Recycling rate targets unlikely to be achieved

Norwich City Council elections.; Green candidate.; Pictured: Claire Stephenson

Norwich City Council elections.; Green candidate.; Pictured: Claire Stephenson - Credit: Archant

Recycling targets in Norwich are to be reduced, with the city council looking unlikely to hit the yardstick it set itself for this year.

The city council had hoped to recycle 50pc of domestic waste produced in Norwich by the close of the financial year at the end of this month.

However, the council has acknowledged that figure is not going to be reached and said part of the reason was because street sweepings are being sent to landfill, rather than being recycled.

That is because a change in legislation means that there are no businesses in Norfolk which are accredited to take the sweepings.

The council says that, had street sweepings been recycled, its annual recycling rate would have stood at 42pc.

Brenda Arthur, leader of Norwich City Council, said: 'Recycling has almost entirely fallen due to the issue around street sweeping and work is on hand to address that matter.'

Norfolk County Council is working with a local firm to find a solution so street sweepings can be recycled.

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The city council is also hoping that, when the contract for a company to deal with recycled waste is re-let from May, that will mean a number of other materials can be recycled. The authority hopes that will up the recycling rate.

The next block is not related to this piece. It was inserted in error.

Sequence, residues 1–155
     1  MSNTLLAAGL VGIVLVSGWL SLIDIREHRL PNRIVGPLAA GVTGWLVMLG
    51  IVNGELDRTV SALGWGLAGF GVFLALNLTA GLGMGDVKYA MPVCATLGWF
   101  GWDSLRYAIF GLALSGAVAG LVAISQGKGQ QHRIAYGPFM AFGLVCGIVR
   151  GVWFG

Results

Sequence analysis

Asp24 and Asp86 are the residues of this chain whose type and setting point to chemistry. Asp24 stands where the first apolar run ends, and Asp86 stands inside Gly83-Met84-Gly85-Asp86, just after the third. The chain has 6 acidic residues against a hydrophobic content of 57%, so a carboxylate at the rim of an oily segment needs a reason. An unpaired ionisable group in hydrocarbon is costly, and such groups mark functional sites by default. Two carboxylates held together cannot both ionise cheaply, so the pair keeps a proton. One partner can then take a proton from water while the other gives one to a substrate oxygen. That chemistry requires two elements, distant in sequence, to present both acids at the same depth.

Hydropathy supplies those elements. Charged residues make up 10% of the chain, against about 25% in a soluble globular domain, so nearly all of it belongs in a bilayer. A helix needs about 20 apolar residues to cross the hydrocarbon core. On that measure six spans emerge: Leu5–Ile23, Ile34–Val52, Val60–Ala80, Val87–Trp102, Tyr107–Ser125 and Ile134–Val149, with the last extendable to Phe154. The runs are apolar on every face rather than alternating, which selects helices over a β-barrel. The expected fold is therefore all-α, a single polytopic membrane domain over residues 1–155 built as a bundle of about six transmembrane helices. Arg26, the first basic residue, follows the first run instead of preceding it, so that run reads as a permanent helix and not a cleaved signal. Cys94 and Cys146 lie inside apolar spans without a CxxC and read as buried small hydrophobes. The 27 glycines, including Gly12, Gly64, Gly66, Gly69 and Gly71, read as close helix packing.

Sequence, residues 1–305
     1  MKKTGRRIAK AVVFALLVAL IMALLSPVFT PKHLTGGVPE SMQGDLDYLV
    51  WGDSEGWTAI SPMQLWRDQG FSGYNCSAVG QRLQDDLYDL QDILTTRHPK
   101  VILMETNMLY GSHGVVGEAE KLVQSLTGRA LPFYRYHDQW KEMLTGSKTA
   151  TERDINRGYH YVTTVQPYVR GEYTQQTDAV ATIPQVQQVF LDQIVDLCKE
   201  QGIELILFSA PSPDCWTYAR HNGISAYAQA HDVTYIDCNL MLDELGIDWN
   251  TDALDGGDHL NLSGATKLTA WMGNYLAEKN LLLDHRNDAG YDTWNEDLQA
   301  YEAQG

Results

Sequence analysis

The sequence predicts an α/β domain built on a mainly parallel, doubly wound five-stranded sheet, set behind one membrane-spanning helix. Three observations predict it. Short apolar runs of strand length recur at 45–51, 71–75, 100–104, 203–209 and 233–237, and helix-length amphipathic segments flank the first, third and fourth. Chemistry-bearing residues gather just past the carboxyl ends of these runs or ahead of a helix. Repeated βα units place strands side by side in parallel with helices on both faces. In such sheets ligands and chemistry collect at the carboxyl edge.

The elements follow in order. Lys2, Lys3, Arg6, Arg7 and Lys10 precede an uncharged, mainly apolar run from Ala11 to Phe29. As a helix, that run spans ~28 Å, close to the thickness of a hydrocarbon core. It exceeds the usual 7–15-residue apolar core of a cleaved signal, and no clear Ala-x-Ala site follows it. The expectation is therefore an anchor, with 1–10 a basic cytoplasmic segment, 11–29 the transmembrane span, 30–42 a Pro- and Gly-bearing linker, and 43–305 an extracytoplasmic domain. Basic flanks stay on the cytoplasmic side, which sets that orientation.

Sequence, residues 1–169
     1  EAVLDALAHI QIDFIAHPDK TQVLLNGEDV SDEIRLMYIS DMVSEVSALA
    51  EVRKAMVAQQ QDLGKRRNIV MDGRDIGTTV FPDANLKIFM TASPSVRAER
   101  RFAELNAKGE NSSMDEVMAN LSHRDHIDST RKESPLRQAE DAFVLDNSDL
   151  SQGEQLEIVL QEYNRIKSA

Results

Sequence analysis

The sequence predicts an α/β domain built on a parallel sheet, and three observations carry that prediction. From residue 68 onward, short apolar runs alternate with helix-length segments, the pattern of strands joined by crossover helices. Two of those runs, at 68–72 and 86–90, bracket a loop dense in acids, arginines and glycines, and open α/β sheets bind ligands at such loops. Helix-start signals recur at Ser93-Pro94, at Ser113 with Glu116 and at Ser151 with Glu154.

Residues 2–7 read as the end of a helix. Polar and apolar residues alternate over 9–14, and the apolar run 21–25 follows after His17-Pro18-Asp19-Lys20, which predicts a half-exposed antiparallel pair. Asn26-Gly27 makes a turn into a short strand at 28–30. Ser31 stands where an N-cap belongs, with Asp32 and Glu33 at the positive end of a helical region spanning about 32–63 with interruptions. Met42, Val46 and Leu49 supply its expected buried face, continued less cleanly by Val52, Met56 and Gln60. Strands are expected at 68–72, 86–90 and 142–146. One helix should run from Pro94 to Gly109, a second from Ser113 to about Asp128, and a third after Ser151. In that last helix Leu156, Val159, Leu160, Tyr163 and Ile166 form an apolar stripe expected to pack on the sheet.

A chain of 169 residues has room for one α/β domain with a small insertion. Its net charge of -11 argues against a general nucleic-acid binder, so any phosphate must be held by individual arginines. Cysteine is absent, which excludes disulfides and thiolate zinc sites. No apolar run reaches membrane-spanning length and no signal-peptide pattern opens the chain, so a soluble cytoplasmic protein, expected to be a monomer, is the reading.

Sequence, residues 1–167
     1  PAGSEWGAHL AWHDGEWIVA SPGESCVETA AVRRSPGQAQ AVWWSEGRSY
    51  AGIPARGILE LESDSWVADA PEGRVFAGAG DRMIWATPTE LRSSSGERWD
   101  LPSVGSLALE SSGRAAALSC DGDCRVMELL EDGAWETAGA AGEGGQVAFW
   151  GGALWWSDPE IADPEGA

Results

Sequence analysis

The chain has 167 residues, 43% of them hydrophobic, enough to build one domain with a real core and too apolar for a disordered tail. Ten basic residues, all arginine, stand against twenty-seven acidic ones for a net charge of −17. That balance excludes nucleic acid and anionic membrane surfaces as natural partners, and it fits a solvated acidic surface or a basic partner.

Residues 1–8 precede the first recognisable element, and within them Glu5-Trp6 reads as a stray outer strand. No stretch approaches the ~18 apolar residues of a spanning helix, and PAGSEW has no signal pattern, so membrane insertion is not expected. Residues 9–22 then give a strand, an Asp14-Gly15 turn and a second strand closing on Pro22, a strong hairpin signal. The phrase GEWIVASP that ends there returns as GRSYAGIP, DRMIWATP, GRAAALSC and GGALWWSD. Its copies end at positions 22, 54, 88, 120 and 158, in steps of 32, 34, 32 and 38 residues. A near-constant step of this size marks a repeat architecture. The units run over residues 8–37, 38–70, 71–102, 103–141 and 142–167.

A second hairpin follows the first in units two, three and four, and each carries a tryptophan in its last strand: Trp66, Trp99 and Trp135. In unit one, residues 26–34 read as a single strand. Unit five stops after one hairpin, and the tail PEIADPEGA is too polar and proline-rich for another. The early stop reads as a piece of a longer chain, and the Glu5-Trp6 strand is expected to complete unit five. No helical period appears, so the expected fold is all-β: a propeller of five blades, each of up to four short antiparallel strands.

For 2013/14, the council has set a target of recycling 43pc of waste and 50pc the year after that.

But Claire Stephenson, pictured, leader of the Green Party opposition group, said the decision to lower the recycling targets was 'disappointing' as it would not address the issues which caused the targets to be missed.

She said it would make more sense to switch the target away from how much is recycled to focus on a target of reducing the percentage of waste sent to landfill.

She said: 'It's crucial that the city sends less waste to landfill and that less rubbish is created in general. Obviously it's important that waste which is produced is recycled wherever possible but it's more important that less rubbish is produced in the first place and that less residual waste ends up in landfill.'

The city council has been trying to increase household recycling. Officers have been knocking on doors around the city to establish why people have not been recycling and encouraging them to do so.

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